Why Do We Get Goosebumps When Cold or Afraid?

It is an occurrence that is not hazardous to your health and nor is it contagious. The phenomenon is known as goose bumps and was named after the tiny bumps on a goose's flesh. It is a condition that most of us have experienced at some point in time.

It begins as an icy cold sensation that races down the spine and is then followed by a tingling sensation on the neck and arms. If you look down you will see tiny bumps erupting across the affected skin. Goosebumps are a natural defence of the body and occur when we experience a sense of fear or a chill in the air. These tiny bumps are a fight or flight response designed to make the body appear larger than it actually is.

If your doctor should mention that you have a bad case of Cutis Anserina do not panic. He is simply using the official medical term for those little bumps protruding from your skin. Goose bumps are harmless and you will be perfectly fine. If you have an outbreak while you are being diagnosed then it is most likely your doctors chilly office that is initiating your current outbreak. Goosebumps happen when you are either cold or afraid.

Goose bumps are the tiny little bumps that appear on your arms, legs, neck, back, or any other area of your body where you grow hair. You will notice that the hair will rise where ever one of the tiny bumps is located. Each small bump is formed to raise the hair it is connected to. This process occurs to make you appear larger than you actually are. First termed as goose flesh because the condition generally resembles the pimply skin of a plucked goose these protrusions have become familiarly known as goosebumps. 

Goosebumps are the body's fight or flight response to danger. The process of developing goosebumps begins when you experience a sensation of fear or cold. It is then that your body kicks into action to help you out of your current situation. The sympathetic nervous system sends a message down your spine and from there into your arms, legs, and other extremities as a call for your body to react. This message in essence tells the muscles within your hair follicles to contract. As these muscles contract the hair follicles rise above the skin forcing the hair to become erect. This action then displays itself as a case of goosebumps.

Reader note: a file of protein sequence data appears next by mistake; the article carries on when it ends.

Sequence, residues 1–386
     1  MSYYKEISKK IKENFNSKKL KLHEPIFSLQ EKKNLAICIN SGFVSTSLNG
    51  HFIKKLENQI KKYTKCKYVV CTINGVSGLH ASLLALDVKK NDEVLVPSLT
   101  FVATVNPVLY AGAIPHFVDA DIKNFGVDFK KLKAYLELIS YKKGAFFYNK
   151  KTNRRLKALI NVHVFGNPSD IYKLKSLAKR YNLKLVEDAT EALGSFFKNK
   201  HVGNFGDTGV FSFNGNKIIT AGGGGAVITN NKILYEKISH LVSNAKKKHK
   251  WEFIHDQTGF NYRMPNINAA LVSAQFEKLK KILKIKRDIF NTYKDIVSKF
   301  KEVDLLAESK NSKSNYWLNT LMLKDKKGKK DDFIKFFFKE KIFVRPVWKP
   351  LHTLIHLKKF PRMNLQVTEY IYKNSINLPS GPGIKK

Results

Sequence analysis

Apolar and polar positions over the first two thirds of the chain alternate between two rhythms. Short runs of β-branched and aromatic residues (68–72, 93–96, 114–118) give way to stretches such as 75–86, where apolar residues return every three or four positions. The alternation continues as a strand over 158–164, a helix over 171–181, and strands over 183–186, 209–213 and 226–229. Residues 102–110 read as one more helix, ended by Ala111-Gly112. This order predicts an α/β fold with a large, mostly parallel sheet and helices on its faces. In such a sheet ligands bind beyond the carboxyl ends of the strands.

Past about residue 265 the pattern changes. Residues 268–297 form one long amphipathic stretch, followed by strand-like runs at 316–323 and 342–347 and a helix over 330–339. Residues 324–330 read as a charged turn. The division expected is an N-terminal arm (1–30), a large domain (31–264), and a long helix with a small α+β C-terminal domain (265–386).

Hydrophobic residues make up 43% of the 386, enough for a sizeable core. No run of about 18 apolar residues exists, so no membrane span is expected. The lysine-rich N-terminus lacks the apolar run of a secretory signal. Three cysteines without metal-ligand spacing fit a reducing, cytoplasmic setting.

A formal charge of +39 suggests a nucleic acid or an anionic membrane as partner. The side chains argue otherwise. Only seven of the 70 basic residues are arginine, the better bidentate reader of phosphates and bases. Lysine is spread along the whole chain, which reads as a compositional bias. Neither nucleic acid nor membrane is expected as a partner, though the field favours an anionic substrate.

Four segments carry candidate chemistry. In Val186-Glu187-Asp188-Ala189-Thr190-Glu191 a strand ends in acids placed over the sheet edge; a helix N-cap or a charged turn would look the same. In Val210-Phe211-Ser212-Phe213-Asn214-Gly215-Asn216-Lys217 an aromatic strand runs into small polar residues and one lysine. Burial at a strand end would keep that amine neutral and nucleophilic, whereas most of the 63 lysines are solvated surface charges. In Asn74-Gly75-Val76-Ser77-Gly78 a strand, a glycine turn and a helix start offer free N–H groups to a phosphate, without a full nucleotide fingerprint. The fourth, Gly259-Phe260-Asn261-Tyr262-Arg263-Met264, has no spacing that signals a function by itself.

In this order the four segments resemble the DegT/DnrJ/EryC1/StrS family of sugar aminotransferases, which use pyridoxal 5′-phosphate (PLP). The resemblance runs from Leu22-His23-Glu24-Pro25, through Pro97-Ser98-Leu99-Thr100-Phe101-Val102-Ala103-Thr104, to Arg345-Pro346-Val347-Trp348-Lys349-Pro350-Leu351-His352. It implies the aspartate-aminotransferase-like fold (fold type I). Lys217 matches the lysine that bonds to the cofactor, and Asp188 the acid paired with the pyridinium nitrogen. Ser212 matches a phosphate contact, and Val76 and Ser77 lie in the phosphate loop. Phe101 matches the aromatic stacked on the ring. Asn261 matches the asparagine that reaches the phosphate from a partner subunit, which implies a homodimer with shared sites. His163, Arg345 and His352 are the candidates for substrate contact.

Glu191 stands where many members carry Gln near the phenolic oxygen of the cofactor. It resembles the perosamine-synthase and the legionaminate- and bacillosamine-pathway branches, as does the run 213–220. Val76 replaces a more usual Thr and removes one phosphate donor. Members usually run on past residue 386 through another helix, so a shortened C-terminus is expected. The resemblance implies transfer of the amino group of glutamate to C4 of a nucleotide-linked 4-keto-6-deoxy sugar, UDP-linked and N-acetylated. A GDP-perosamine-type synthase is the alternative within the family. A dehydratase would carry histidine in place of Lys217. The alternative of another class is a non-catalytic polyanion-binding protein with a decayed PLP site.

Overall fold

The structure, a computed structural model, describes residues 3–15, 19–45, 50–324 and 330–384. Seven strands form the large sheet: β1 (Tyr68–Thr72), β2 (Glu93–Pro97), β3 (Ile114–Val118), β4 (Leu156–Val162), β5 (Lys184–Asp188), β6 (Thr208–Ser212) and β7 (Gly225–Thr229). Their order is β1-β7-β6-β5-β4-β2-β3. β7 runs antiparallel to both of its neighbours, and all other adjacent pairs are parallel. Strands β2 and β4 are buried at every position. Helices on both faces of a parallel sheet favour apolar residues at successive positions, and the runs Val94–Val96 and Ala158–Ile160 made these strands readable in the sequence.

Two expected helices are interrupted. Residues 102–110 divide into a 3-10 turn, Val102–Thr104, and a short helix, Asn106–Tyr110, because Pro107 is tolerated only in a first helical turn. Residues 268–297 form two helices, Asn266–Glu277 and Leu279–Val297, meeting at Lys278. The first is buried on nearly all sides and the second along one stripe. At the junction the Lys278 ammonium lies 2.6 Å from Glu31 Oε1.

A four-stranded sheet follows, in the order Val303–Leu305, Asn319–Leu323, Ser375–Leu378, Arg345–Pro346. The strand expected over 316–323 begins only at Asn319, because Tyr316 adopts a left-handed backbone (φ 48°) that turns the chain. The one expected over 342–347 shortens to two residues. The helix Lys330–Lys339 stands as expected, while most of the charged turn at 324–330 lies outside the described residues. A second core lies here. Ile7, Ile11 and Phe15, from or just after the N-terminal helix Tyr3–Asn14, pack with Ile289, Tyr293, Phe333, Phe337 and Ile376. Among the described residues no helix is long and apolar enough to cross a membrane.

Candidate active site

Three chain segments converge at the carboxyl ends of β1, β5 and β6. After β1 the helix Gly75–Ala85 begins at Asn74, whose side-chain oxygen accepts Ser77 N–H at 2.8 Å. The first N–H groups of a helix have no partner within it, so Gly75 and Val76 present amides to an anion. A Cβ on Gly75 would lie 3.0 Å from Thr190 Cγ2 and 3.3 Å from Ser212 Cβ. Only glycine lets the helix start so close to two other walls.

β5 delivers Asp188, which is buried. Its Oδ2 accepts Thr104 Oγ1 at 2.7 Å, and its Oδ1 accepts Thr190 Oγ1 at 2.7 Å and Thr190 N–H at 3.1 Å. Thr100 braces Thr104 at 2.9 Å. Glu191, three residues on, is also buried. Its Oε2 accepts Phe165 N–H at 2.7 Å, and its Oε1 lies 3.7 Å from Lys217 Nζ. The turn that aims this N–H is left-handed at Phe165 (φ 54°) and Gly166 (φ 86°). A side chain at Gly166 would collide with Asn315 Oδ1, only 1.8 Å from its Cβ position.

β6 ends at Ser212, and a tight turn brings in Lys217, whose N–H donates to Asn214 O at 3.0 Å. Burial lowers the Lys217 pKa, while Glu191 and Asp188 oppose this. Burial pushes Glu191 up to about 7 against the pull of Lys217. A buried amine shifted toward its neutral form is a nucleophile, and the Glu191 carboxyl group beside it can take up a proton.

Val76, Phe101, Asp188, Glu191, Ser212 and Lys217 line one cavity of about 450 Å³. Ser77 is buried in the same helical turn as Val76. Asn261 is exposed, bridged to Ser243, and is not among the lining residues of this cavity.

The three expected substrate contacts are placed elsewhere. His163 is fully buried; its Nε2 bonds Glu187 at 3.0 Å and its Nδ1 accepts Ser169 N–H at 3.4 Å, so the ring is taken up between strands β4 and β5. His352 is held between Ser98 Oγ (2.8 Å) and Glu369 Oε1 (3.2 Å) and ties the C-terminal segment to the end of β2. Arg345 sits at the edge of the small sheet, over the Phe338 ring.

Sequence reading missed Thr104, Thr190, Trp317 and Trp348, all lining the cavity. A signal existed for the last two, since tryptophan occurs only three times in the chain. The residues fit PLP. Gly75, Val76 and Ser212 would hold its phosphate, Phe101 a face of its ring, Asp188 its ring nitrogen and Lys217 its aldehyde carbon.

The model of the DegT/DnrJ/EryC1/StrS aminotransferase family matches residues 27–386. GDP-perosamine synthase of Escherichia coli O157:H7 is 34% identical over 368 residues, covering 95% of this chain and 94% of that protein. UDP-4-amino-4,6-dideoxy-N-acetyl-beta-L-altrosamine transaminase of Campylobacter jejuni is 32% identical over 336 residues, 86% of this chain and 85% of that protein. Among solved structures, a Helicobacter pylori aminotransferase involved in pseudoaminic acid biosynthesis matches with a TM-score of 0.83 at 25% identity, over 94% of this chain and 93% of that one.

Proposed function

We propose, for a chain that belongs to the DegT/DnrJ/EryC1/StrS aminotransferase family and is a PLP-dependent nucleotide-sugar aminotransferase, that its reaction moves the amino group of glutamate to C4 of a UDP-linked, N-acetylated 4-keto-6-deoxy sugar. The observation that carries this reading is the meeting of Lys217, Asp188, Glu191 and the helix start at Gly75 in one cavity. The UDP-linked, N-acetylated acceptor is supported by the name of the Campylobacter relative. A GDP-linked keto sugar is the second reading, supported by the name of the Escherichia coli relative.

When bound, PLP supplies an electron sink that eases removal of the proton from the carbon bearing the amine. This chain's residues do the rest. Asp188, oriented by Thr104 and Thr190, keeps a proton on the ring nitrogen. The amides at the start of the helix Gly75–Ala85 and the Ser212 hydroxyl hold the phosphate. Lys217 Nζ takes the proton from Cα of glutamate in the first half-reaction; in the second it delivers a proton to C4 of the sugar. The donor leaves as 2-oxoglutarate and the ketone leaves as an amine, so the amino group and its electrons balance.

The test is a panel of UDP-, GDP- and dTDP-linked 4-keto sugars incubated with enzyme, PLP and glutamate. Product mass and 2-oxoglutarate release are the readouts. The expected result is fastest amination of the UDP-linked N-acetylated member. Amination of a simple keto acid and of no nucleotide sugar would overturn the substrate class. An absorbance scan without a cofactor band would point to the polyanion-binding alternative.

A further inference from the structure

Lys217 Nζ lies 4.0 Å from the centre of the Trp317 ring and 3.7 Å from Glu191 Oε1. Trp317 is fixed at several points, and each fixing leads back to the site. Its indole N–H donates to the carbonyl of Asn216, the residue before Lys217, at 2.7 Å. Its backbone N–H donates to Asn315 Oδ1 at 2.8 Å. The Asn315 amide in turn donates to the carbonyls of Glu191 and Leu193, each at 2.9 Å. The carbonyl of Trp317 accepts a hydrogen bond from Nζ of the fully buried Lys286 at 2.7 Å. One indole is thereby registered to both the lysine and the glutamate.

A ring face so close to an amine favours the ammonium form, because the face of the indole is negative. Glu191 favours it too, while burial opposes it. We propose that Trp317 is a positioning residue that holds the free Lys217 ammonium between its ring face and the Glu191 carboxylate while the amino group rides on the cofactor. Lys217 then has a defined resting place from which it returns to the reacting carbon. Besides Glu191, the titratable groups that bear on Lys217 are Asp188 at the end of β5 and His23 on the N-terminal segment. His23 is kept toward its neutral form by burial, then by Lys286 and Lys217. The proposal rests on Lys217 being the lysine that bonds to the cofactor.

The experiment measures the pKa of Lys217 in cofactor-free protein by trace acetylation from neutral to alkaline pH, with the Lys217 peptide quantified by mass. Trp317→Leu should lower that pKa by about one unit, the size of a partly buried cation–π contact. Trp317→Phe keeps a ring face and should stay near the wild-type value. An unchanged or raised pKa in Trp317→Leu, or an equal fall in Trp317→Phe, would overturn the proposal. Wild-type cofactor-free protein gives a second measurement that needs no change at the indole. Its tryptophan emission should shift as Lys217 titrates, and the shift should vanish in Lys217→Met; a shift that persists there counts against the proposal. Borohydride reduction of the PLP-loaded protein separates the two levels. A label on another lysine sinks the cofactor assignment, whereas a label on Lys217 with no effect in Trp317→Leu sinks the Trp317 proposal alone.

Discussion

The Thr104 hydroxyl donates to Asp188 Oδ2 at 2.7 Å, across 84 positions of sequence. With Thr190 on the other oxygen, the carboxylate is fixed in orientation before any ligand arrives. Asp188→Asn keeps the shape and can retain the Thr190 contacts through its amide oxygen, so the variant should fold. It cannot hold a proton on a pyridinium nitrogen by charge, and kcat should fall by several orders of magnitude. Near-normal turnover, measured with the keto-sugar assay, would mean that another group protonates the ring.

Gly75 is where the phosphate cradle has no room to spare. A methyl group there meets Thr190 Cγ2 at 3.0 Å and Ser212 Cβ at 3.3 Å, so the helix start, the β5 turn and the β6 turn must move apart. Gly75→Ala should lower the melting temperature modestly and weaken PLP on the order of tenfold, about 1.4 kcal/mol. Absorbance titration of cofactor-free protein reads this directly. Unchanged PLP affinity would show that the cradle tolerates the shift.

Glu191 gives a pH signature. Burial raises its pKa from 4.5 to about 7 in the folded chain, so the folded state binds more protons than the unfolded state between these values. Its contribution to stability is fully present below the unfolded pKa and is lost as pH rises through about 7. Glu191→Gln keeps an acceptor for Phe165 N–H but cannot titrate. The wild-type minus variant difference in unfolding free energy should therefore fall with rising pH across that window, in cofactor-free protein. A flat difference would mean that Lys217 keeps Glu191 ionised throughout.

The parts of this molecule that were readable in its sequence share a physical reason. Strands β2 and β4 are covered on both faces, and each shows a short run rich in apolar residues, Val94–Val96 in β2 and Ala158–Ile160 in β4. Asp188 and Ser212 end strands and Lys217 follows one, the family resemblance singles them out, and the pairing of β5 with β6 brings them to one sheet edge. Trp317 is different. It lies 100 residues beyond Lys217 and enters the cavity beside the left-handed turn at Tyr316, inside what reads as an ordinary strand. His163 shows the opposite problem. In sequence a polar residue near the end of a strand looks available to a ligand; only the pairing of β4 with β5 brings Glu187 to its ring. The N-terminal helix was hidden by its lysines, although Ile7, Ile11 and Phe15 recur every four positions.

It is simply one of many defence mechanisms that the body is able to initiate. This rising of the fur is a system which attempts to make us appear larger in an effort to frighten off or at the very least intimidate an approaching predator. While you might just slightly be able to notice that your tiny forearm hairs are standing on end this effect is much more noticeable in a porcupine or your average house cat. Most animals who have feathers, hair, or fur are able to experience goose bumps. Animals will raise their fur when they are cold or afraid just as humans will.

In fur covered animals this system works very well and can also be very obvious when it occurs. A cat or porcupine displays a very dramatic case of the goosebumps when they are frightened. It can be a pretty scary site which is exactly what it is intended to be.

So how do goose bumps fit in with a chill in the air around us? Well there is a little bit of science involved in that answer. Although goosebumps won't help most of us humans out when we get cold this reflex action will help to warm those creatures with thicker hair, fur, or feathers. When the follicles rise to an erect position they lock warm air from the body between them and this increases the body's ability to maintain its warmth.

This is why many animals appear to puff or fluff themselves up in the cold. It is a natural defence mechanism to protect against the chillYou can see this effect in birds as they will often plump themselves up to feel warmer. Their body is enabling them to remain warmer for a longer period of time than they would otherwise have been able to.

There is a Definite Science to the System

Now that you know the basic causes and symptoms of goosebumps pop yourself up a nice big bowl of popcorn, turn on that super scary horror flick that you have been anxiously waiting to view, and enjoy a spine tingling movie.

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